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legal form Corporation
founding March 7, 1923
resolution 2000
Reason for dissolution fusion
Seat Munich

The VIAG AG (originally United Industrial enterprises AG ) was recently in Munich resident publicly listed conglomerate . Until the mid-1990s the active seat was in Bonn and before that in Berlin . In 2000, the VIAG with the similarly structured was VEBA group to E.ON merged.

Foundation and time up to the Second World War

VIAG was founded on March 7, 1923 in Berlin as an umbrella company for previously directly held industrial holdings of the German Reich . The state involvement was a consequence of the war economy of the First World War and was justified with the autarky policy of the time .

VIAG's original business areas were the generation of electrical energy and its industrial use:

During the National Socialist era, both energy generation and aluminum production increased massively, and new power plants and aluminum smelters (including the Mattigwerk in Ranshofen) were built. This was also due to the exploitation of thousands of forced laborers. VIAG companies such as VAW tried hard to assign forced laborers, also for reasons of cost. According to the historian Manfred Pohl, the companies had "an above-average proportion of forced laborers". Around 20,000 forced laborers were deployed in the VAW aluminum smelters alone.

Owner of the Federal Republic of Germany

The shares in VIAG were transferred to the Federal Republic of Germany when the Basic Law entered into force in accordance with Article 134 of the Basic Law . Until the mid-1980s, the investments continued to focus on the core industrial areas of energy, aluminum and chemistry.

The holding strategy largely corresponded to risk-avoiding asset management. Before privatization began, the VIAG Group had over 100 companies; in 1986 they achieved a consolidated turnover of more than DM 8.6 billion and a consolidated annual surplus of DM 164 million. In 1986 the first step towards privatization took place. In this IPO, 40 percent of the shares were sold at a price of DM 165.00 per unit. In 1988, the Federal Republic of Germany also sold the remaining shares via the stock exchange at a price of DM 210 per unit.

After privatization

In order to stabilize the ownership structures in the conglomerate VIAG after the full privatization, Bayernwerk, which at the time was 40 percent owned by VIAG and 60 percent by the Free State of Bavaria, gradually acquired a 25 percent stake in VIAG via the stock exchange. The result was a minority cross-shareholding by VIAG and Bayernwerk and, as a result, a jointly coordinated group policy.

Active portfolio management was now carried out. Numerous holdings were often acquired in a short period of time, mostly mostly together with Bayernwerk: Didier-Werke , Computer 2000 , Klöckner & Co , Gerresheimer Glashütte , PWA, Schmalbach-Lubeca , Kuehne + Nagel , Th. Goldschmidt , Isar-Amperwerke . The expansion strategy was supported benevolently by the stock exchange through several capital increases. During the last capital increase in 1996, the new shares were taken from the market at DM 490 per unit. However, some of the investments were sold again after a few years for portfolio reasons .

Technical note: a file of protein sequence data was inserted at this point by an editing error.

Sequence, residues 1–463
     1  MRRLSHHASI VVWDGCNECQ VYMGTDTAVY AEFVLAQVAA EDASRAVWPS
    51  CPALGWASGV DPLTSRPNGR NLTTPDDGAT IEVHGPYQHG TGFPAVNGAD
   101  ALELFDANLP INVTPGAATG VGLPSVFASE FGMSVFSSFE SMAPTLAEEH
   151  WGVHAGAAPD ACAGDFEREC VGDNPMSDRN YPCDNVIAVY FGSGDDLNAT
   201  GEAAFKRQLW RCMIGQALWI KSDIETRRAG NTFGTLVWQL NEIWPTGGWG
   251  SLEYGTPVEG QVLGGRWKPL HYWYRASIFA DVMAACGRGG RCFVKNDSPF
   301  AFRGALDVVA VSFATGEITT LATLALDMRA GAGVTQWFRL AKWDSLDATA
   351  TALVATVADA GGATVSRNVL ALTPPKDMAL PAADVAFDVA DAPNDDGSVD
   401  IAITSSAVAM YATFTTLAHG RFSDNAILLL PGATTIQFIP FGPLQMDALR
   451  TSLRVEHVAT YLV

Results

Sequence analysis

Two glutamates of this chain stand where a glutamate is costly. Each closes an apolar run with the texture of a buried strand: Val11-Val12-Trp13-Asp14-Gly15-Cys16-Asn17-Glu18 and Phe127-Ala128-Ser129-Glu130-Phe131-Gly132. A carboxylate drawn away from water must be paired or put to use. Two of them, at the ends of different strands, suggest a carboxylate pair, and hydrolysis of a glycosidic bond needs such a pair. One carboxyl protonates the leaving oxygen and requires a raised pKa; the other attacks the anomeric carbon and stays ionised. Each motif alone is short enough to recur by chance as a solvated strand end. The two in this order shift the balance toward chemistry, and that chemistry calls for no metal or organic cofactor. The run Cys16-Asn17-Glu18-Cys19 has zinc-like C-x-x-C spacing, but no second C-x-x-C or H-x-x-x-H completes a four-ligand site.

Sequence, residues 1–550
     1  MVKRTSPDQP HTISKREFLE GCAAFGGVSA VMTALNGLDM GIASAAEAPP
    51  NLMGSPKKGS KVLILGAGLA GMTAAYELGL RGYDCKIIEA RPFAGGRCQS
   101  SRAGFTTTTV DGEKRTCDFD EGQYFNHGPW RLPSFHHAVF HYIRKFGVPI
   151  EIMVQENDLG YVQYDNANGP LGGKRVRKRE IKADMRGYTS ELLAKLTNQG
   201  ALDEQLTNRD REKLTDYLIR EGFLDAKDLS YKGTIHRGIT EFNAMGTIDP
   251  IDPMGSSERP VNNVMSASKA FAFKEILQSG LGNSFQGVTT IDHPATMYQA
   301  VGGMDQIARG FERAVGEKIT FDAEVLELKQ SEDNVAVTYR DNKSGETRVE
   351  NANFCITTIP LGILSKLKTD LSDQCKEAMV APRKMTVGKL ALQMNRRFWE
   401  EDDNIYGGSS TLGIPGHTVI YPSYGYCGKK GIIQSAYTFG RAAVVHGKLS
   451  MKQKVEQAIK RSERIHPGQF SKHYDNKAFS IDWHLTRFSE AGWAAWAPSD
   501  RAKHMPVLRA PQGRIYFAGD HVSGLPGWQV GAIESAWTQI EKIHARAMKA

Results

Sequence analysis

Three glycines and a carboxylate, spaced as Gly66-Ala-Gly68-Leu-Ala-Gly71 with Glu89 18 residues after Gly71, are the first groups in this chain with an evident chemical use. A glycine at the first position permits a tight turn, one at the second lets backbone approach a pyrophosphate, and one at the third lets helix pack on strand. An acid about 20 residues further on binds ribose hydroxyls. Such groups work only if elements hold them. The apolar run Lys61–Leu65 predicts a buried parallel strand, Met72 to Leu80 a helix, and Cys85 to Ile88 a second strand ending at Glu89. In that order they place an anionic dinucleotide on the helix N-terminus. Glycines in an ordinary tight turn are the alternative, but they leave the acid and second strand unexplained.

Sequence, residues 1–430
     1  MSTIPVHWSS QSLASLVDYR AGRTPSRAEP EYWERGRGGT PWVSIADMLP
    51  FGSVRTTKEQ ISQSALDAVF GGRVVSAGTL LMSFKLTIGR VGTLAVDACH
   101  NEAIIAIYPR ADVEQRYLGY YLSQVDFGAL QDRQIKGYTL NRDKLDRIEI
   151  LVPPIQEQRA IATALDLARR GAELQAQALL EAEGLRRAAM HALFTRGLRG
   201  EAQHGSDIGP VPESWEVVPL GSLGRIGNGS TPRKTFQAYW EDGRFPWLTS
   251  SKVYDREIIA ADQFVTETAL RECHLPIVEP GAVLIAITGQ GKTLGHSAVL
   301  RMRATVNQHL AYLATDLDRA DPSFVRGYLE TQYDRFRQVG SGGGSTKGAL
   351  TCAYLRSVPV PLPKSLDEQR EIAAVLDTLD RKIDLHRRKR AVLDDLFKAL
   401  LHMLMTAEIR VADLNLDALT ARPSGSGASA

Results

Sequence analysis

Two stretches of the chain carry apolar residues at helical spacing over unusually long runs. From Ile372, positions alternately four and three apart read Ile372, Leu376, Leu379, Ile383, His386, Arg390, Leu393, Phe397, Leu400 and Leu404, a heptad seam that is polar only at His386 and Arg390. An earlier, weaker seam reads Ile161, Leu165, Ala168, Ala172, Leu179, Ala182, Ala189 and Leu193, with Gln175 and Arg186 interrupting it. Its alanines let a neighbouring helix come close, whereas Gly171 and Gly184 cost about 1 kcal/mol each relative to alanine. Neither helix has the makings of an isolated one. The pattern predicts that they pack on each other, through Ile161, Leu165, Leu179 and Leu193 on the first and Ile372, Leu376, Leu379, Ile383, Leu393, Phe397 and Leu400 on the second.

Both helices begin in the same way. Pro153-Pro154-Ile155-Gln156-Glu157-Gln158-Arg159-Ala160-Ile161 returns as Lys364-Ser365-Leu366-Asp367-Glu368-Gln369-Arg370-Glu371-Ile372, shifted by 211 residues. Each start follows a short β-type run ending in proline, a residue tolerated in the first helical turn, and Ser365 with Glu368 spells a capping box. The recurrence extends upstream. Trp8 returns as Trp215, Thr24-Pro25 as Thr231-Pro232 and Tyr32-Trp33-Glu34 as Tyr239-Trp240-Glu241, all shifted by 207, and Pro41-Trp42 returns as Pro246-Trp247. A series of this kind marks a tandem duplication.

In 1994 VIAG took over the majority of the capital in Bayernwerk from the Free State of Bavaria. In return, the Free State received a 25 percent stake in VIAG and a cash settlement. In addition, the seat was moved to Munich. With a consolidated turnover of 42 billion DM, VIAG was one of the ten largest industrial companies in Germany in the following year.

In 1997 VIAG received the fourth German mobile radio license , which was marketed under the name Viag Interkom (today O 2 ).

From 1998 to 2003, Gerald Hennenhöfer , who had previously been Head of the Reactor Safety Department at the Federal Environment Ministry , was the company's chief representative for economic policy. For Viag he led the negotiations with the red-green federal government on the nuclear phase-out and signed the agreements on the nuclear consensus .

Merger to form E.ON

For fear of hostile takeovers with subsequent break-up, VIAG merged with VEBA to form E.ON on September 27, 2000 . In addition, it was the common goal of the two similarly structured merger partners to form a new, globally strong energy group instead of the two previous conglomerate groups and to sell the other industrial business areas. VIAG-Energiebeteiligungen are now part of E.ON and have been given corresponding new company names. The VAW was at the 2002 Norsk Hydro sold. The VIAG subsidiary SKW Trostberg was merged with the former VEBA subsidiary Degussa-Hüls to form the “new Degussa”, which is now Evonik Degussa . All other industrial holdings acquired in previous years have also been sold by E.ON in the meantime.

Literature & web links

Individual evidence

  1. ^ Manfred Pohl: VIAG Aktiengesellschaft 1923-1998. From state company to international group . Piper, Munich 1998, ISBN 3-492-04036-5 .
  2. Peter Belli: The VAW case - the Viag subsidiary shifts responsibility . In: The time . No. 48 , November 25, 1999.
  3. Energy and Power ( Memento of the original from August 19, 2011 in the Internet Archive ) Info: The @1@ 2Template: Webachiv / IABot / archive link was inserted automatically and has not yet been checked. Please check the original and archive link according to the instructions and then remove this notice. Berliner Zeitung of July 3, 2007, accessed on March 20, 2011